Countless people wait outside on a barricaded sidewalk on a chilly November day, the day after Thanksgiving, anticipating the moment when the doors finally open. When they do, a stampede of of people rushes through the doors, some running over each other just to get inside.
Arguments and frustrations arise between people who have been waiting for hours just to be the first to snatch the deal. As emotions heat up, people soon forget the thankfulness shared over a turkey dinner just a couple hours prior, and instead indulge in reckless consumerism.
The event described might be thought of as an example of a cultural crisis; in actuality, it’s an example of what has been exposed in videos found in the news every year around this time, videos about Black Friday.
Thanksgiving Day seems to be shifting into a retailer’s dream as many companies open on Thanksgiving in order to meet the high demand of Black Friday shoppers. Among such stores are big retail companies like Macy’s, Target, and Best Buy. Various stores will open as early as 3:00 p.m. on Thanksgiving Day, giving shoppers the opportunity to start purchasing before even sitting down to a meal with their families.
Not everyone is jumping on the bandwagon, and some companies are refusing to open their doors on a holiday out of respect for their employees and their families. DSW, B.J.’s, and Barnes & Noble are some stores that have vocalized their disapproval of opening on Thanksgiving Day.
Michael R. MacDonald, the CEO of DSW, issued the following statement: “While many retail stores will be opening for business on Thanksgiving Day, this year we continue the DSW tradition of keeping ours closed. Family time is extremely important to us, and we want our associates to enjoy the holiday with their loved ones.”
Opinions about Black Friday vary between consumers, as many use the day off to find bargains on expensive items. Many also consider the day as the unofficial beginning of the Christmas season and choose to shop with friends and family. For instance, ENC student Stephanie Vasquez favors the idea of Black Friday because she says it saves customers’ money. However, she doesn’t think it’s fair to the employees who have to work on Thanksgiving Day.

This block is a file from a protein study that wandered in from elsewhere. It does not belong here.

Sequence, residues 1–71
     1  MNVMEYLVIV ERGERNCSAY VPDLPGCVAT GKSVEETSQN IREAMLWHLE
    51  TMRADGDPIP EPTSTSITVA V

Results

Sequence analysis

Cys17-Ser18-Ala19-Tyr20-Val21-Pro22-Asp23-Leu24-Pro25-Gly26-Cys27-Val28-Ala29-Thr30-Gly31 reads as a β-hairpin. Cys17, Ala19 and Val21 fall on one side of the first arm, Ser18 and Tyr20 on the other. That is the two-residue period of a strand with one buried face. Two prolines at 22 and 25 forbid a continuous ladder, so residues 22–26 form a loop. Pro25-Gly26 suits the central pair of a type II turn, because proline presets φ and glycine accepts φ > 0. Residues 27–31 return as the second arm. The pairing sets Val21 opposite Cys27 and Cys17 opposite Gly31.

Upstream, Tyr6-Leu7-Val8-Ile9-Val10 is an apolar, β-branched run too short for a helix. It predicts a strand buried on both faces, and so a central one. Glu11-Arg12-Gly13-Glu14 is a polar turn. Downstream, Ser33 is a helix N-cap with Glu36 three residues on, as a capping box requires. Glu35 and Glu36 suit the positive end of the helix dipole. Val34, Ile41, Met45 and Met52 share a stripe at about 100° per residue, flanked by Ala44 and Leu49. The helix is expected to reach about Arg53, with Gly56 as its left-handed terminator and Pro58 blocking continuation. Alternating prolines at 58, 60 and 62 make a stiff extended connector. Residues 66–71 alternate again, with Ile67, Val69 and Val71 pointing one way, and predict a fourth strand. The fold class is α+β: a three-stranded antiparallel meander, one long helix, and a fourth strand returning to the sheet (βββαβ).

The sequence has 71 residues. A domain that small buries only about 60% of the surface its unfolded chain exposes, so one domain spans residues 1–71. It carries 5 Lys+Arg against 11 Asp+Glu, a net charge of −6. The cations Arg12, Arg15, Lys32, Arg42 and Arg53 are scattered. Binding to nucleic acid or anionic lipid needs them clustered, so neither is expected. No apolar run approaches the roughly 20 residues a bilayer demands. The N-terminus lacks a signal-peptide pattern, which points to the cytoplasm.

When talking about Black Friday, people usually focus on the consumer and how frugal they can be when shopping on this day, but little attention is paid to the retail employees. Sophomore Chris Barnes has had the opportunity of working on Black Friday. He said that in previous years working on this day was overwhelming and his quality of work decreases.
“I feel like Black Friday is a gimmick to get people to buy more than they would normally, because the sales are not as big of a difference from other holiday sales,” said Barnes. “It’s definitely hard for employees because with a flood of customers coming in, there are around five to ten customers to every one employee.”
It seems that coming to a compromise with regard to Black Friday might be the best solution to this overwhelming time of year, for both customers and retail employees alike. Shopping on other “deal days,” such as Cyber Monday, can benefit the customer and retail employee. Customers can purchase lower-priced electronics from the comfort of their own home and more time can also be spent making a decision and shopping around to compare prices.
If shopping is done online, there is no need to wait in long, chaotic lines, or have to deal with aggressive shoppers competing over the same item. More importantly, online shopping doesn’t affect the employees working in retail as much as shopping in a store, especially on a holiday.
Black Friday has gotten out of hand, and shoppers have the power to not purchase inside stores on that day, or even Thanksgiving Day, for that matter. If we don’t shop, then there will be no demand, and next year, stores would simply stay closed on Thanksgiving Day.
This is not to say that we should stay in our homes and not go shopping, but rather have a different attitude when it comes to being a responsible shopper. When going home for the holidays, we should remember to spend quality time with family and friends, and not allow consumerism to dictate the way we treat each other. Thankfulness and charity is what should fill our lives rather than greed and selfishness.
Being adamant about family time can make a difference, just as some companies are doing by not opening on Thanksgiving. GameStop President Mike Buskey said, “We know this is in stark contrast to what many other retailers are doing, but we are taking a stance to protect family time during this important holiday.” Although several companies seem to be making their opening time earlier each year, it is always nice to see some companies with different priorities.
The National Retail Federation predicts that 19 percent of the retail industry’s sales for the year will be made in the months of November and December. Companies that opt to miss out on Thanksgiving Day sales will not be making a seriously detrimental decision, given that sales in the last two months of the year are high. Part of those November sales occur because more holiday shoppers begin buying gifts early in November. According to NRF President and CEO Matthew Shay, “Thanksgiving weekend shopping has evolved tremendously over the past few years and can no longer be seen as the ‘start’ of the holiday season.”
Uniting together to take a stand and protect family time during the holidays can make an impact to leave stores closed on Thanksgiving Day. Retail employees can then have a break before the stressful holiday season that’s approaching. Ultimately, we can all learn how to take one holiday at a time.